A thousand years before I became an author I worked as a screenwriter in Hollywood. I was contracted to write a coming-of-age comedy a la American Pie (though this was when American Pie was still loose leaf and was called something like Great Falls High). I was having a terrific conversation with my producer -- he was flipping through pages of The Next Big Thing (no, you haven't seen it -- it flopped) -- with a wide smile on his face. He was nodding, doing the "yeah, yeah, good," head bob and I was feeling pretty great. Until he smacked the script shut, clasped his hands on top of it, and said, "Now tell me what Allison had for breakfast."
I paused, frowned. Is this a joke? "Um, there wasn't a breakfast scene in the script, but I can go ahead and put one in if that's what you're asking."
He shook his head, chuckling like I was a bright green newbie (which I was). "No. You need to know what your character had for breakfast. Everyday." His face was serious. I was silent. He pressed on. "If you don't know what Allison had for breakfast, you don't know her at all. The script is going to fall apart."
"Are you asking me?"
"No. Toast." I started to see Allison coming down the stairs in my head. She wasn't a morning person so she was always late -- but, she wanted to be healthy, too. "And half a grapefruit. She only has time for a couple of bites of the grapefruit, though, and she eats the toast on her way to school."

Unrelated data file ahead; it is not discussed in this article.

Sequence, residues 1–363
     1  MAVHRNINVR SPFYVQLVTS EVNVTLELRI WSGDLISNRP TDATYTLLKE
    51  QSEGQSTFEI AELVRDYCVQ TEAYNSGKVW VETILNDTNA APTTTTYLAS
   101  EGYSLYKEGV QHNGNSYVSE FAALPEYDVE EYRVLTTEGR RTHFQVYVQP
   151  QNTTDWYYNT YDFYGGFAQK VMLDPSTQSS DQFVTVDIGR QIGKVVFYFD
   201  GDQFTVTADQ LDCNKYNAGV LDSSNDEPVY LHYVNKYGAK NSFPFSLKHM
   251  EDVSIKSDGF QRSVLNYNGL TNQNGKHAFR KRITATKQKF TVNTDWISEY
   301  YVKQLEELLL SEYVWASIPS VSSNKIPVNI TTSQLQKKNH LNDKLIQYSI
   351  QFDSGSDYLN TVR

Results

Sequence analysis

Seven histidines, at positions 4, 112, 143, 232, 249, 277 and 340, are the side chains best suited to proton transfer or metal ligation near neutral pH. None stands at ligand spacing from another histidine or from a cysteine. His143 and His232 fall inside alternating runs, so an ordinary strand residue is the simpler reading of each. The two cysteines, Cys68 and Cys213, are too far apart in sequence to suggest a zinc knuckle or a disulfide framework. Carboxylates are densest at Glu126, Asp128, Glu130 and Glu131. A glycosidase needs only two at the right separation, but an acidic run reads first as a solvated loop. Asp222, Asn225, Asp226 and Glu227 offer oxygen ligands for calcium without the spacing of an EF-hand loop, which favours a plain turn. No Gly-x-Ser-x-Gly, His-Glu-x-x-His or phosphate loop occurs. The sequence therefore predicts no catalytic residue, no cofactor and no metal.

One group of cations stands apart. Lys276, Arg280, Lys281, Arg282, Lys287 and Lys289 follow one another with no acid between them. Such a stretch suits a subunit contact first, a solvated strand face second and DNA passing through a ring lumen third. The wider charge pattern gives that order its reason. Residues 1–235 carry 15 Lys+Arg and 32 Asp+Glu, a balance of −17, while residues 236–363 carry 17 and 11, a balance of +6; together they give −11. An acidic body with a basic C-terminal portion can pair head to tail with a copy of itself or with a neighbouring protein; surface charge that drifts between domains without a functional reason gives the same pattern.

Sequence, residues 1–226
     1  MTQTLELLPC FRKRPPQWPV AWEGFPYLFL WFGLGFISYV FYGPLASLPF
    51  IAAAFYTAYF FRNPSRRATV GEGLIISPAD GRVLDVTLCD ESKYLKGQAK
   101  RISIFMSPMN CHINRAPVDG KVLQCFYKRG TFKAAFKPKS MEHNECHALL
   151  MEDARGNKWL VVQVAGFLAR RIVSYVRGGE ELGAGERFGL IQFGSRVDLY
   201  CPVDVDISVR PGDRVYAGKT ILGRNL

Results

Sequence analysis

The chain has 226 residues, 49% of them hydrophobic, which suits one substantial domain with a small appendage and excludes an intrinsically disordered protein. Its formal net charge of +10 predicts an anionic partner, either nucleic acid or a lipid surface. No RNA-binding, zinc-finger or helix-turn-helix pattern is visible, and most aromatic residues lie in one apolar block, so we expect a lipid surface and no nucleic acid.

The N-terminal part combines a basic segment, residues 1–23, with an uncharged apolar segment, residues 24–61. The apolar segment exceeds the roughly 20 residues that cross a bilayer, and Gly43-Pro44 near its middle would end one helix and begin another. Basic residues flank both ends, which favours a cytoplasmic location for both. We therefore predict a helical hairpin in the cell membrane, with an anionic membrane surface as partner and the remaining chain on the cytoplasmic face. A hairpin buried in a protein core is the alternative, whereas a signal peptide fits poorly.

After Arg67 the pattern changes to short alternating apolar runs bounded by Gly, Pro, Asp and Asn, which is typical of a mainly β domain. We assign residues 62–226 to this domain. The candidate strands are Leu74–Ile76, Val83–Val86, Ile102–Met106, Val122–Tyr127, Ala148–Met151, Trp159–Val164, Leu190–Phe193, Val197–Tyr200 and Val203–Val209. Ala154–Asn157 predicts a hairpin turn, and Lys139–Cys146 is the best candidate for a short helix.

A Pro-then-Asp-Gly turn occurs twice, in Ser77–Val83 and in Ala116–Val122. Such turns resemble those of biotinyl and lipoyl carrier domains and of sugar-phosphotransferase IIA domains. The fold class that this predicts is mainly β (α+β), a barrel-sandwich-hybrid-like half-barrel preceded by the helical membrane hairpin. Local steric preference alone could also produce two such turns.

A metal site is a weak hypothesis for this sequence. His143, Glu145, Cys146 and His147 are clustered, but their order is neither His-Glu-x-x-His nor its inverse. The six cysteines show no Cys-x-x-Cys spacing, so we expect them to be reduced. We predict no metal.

This banal bit of information -- breakfast! -- gave me incredible insight into my character, even though nothing about breakfast was written into the script. Your breakfast choices might be odd -- Sophie Lawson, from my Underworld Detection Agency books is known for a healthy balance of a Diet Fresca and a half-sleeve of chocolate marshmallow pinwheels. Or it could be more traditional: Truly, Madly, Deadly's Sawyer Dodd is forced into a chair by her mother who insists that breakfast is the most important meal of the day -- and it's always hot. I don't know why, but Al was absolutely right: to know your character is to know what they scarf down each morning.
Too this day, I'm not entirely sure that I've ever written a breakfast scene -- but I know that I've never had a character with an empty plate.